By law, Congress will have months to deliberate, perhaps to next April. Mr. Froman said he did not know when Mr. Obama would officially notify Congress that he intends to sign the accord, but once he does, that notice will give Congress 90 days to first consider it. Additional time most likely will be needed, congressional and administration officials said.
The administration wasted no time beginning its campaign for approval. Mr. Froman flew back to Washington as soon as he and the other trade officials announced their agreement to start reaching out to Congress, as well as to interest groups and industries that afternoon.
Key members of Congress in both parties and interest groups influential in Washington expressed ambivalence at best or outright opposition, though the agreement’s 30-chapter text will not be available for perhaps a month.
The Ford Motor Company quickly condemned the agreement, saying in a statement that it would not meaningfully address currency manipulation by American trading partners, like Japan, that has the effect of lowering prices for their exports to the United States.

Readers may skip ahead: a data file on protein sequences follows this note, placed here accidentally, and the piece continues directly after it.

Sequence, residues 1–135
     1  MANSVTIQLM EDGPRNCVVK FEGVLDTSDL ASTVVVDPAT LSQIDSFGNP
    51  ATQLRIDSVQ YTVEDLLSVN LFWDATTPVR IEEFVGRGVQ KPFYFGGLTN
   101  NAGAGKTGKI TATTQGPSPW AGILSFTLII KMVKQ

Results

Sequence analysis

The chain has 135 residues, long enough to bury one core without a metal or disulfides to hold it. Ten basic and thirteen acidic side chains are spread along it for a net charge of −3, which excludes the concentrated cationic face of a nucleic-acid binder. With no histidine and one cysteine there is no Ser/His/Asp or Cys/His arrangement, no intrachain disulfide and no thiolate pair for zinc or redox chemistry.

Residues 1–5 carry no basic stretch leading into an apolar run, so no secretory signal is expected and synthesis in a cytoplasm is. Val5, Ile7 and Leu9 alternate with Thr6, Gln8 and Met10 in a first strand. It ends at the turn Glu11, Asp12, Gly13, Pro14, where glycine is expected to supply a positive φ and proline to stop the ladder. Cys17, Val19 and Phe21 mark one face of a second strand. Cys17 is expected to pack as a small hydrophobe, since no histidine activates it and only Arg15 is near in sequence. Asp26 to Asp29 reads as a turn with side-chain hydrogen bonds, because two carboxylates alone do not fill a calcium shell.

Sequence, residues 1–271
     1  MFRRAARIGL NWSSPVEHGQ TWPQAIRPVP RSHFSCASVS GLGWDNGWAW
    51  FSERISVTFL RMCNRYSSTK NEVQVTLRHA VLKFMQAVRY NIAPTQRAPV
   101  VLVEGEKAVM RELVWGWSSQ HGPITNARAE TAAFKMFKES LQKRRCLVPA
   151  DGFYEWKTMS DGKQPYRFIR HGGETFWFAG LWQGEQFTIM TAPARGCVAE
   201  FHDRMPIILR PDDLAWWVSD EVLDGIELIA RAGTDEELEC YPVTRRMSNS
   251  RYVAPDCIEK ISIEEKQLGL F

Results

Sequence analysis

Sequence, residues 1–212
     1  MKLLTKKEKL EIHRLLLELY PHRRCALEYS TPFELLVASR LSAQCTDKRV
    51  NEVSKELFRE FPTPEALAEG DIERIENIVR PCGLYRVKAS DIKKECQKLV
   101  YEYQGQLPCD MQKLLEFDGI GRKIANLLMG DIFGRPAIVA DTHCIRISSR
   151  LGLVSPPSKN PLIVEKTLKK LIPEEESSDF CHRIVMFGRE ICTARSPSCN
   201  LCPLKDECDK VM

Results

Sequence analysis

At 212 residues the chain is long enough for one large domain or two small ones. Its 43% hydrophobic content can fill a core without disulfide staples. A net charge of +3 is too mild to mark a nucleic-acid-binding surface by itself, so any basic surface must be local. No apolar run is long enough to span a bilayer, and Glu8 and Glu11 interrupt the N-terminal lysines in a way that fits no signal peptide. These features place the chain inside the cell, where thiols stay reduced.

Representative Sander Levin, a congressman from Detroit and a point man on trade for his party as ranking Democrat on the House Ways and Means Committee, released an ambiguous statement that also cited a continued concern over currency policies — one shared by scores of lawmakers — and disappointment that the agreement did not do more to force Mexico to allow truly independent unions.
In Atlanta, Australia’s trade minister, Andrew Robb, implied the weakness of the currency language when he labeled the side agreement a set of principles “that have been more or less agreed.”
The entire trade agreement came together only at 5 a.m. Monday, after five days and sleepless nights of tense haggling secluded in an Atlanta hotel. When the 11 men and one woman (Magali Silva of Peru) filed onto a dais in a hotel ballroom several hours later to meet reporters, scores of aides burst into applause, and some ministers joined in.
Mr. Froman read their joint statement that hailed a “historic agreement.” But the ad-libbed comments of several ministers — including those from New Zealand and Canada, who hours earlier had been at the center of a final, heated standoff over dairy exports — attested to a shared sense of accomplishment. (Other parties to the Pacific pact are Singapore, Vietnam, Malaysia and Brunei.)